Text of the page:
The youngest Guantanamo Bay prisoner, Omar Khadr, granted bail in Canada last month, but the conservative Stephen Harper's government tries to hold him in jail.
The government has applied for an emergency stay to prevent the release of Khadr.
Ottawa argues that granting bail to Khadr "would threaten the entire system of the international prisoner transfers" and "presents a risk to the public interest," without providing any evidence.
The government has not disputed Khadr’s lawyers’ evidence that he has been a model prisoner. Correctional Services Canada and even the Guantanamo Bay psychologist classified him as a minimum-security prisoner.
In the bail decision, justice June Ross said that detention is not necessary for the public interest. He will be able to apply for a parole in June.
Toronto born Khadr was captured in Afghanistan in 2002 after he had a firefight with US soldiers and was detained in Guantanamo at the age of 15, making him the youngest inmate there.
He was transferred to Canada after pleading guilty to killing a US soldier by throwing grenades and sentenced to eight years by the military commission in Guantanamo Bay.
Khadr was tortured by waterboarding or simulated drowning, as well as three weeks of intense sleep deprivation in Guantanamo Bay. Khadr also reported several abuses, including stress positions and being hung by his arms for extended periods of time, his lawyer said.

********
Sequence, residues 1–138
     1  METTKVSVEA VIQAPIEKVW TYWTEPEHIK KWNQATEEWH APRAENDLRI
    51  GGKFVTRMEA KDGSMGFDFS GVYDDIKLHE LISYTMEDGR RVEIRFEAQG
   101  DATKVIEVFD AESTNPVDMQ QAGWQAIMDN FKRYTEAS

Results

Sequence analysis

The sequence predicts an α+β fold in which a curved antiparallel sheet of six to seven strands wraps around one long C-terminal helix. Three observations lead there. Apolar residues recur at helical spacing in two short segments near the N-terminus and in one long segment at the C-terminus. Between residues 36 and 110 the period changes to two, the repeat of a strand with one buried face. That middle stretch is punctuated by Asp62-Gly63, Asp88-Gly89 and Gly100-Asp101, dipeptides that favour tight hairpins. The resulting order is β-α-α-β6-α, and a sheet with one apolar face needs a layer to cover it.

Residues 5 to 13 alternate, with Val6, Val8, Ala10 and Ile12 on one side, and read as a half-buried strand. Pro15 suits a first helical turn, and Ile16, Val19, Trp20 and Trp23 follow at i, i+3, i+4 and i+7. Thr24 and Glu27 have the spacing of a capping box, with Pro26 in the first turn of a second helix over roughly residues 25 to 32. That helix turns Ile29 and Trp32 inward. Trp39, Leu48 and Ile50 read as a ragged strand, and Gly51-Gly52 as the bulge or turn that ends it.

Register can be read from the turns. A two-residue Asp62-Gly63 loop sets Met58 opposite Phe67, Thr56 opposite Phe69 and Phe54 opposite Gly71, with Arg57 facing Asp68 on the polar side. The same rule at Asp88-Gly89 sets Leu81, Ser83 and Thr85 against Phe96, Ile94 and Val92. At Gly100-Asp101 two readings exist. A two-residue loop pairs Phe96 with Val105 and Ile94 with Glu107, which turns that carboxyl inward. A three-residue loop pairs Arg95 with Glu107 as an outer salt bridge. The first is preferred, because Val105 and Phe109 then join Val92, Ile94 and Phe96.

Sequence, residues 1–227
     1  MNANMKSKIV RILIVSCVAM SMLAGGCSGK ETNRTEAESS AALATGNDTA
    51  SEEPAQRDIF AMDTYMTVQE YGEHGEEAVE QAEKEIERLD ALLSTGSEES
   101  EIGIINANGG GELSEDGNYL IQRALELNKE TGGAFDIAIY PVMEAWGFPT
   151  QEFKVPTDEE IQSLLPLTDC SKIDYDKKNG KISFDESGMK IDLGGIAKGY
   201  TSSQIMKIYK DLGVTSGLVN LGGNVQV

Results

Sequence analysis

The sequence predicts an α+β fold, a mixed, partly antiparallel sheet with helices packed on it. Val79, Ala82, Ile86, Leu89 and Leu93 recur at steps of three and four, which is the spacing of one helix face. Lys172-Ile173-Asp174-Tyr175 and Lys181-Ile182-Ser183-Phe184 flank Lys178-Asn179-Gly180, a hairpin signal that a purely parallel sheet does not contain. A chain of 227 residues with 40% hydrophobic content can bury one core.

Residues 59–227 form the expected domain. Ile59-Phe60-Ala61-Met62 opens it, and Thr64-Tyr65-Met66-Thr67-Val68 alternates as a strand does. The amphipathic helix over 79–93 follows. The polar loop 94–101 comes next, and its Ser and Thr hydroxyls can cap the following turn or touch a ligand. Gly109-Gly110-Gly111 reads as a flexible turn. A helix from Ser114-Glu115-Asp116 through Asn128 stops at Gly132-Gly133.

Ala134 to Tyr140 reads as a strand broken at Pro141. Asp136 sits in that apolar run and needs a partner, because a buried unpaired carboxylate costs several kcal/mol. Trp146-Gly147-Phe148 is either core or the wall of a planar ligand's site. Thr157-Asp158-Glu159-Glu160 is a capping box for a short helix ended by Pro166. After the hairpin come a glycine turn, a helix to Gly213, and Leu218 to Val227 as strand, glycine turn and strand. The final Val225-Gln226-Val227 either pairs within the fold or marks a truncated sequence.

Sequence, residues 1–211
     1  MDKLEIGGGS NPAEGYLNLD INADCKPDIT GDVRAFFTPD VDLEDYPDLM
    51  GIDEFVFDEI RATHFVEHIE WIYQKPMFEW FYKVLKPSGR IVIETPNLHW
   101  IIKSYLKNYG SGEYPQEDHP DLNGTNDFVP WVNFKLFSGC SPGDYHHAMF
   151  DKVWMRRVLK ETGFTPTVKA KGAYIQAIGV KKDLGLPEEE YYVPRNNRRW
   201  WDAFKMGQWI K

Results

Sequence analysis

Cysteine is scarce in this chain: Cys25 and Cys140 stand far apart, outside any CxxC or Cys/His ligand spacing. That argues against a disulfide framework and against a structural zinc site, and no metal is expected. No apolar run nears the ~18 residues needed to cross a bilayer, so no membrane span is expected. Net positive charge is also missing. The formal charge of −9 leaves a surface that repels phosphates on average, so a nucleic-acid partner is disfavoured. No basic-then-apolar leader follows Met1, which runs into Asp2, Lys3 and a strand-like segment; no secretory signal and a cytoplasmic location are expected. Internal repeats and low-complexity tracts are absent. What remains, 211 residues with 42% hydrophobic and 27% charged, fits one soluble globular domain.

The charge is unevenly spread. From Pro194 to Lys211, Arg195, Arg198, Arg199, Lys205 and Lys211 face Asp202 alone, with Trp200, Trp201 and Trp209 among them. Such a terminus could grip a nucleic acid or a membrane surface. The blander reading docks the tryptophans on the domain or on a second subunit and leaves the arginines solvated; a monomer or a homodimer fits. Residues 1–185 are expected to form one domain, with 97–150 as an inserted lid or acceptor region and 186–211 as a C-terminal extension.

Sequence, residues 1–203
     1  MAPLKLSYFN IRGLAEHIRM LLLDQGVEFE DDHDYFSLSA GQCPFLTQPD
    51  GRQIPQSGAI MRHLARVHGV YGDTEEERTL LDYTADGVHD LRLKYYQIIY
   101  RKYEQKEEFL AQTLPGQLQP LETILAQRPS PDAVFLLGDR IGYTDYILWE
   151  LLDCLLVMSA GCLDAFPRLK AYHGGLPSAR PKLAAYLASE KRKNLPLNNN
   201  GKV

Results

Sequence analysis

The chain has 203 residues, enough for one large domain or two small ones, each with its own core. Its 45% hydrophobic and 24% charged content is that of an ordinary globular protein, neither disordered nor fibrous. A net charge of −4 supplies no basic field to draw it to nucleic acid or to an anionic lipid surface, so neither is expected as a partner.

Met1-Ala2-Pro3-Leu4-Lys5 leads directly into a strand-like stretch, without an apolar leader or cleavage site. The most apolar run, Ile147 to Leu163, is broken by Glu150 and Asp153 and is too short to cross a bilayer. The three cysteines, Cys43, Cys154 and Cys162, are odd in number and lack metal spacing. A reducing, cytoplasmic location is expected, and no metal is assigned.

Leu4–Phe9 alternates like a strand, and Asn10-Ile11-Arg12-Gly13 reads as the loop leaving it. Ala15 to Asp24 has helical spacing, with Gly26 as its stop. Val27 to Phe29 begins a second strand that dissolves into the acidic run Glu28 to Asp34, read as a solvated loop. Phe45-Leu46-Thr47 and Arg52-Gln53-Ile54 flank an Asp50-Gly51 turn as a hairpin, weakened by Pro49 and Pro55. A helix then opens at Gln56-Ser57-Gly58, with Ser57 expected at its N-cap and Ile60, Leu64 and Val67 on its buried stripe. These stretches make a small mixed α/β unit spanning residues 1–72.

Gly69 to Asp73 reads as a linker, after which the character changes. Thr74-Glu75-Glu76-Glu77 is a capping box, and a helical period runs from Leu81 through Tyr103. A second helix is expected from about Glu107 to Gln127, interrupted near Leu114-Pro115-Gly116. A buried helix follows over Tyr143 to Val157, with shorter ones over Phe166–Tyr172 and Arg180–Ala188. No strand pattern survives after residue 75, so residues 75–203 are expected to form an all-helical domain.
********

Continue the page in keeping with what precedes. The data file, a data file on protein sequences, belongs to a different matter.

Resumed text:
Khadr said that he only pleaded guilty to get out of Guantanamo Bay and be able to back in Canada, where the judges will treat him more fairly.
Now the 28-year-old is serving another eight-year sentence in a Canadian jail following a transfer agreement with the US in 2012.
If he is released, he will be staying with his lawyer David Edney.
“The Harper government is not interested in the rule of law,” Edney, who has been defending Khadr with Nathan Whitling last ten years, told Canadian the Press. “It refuses to listen to what the courts have said about Omar Khadr’s rights. It continues to spend millions of taxpayers dollars only to lose time and time again.”
Edney has also described the move as "another desperate move from the Harper government to prevent the public from hearing or seeing his client."
In 2010, the Canadian Supreme Court had ruled that Khadr's rights were breached by the Canadian government, which sent intelligence agents to interrogate him in Guantanamo in 2003 and 2004 and shared the information with the United States.
Ottawa had three legal fights against the former Guantanamo Bay child prisoner. The government has lost every case so far.
His lawyer said, after ten years of fighting for Khadr, he is now optimistic that Khadr will be having dinner with his family on Tuesday night.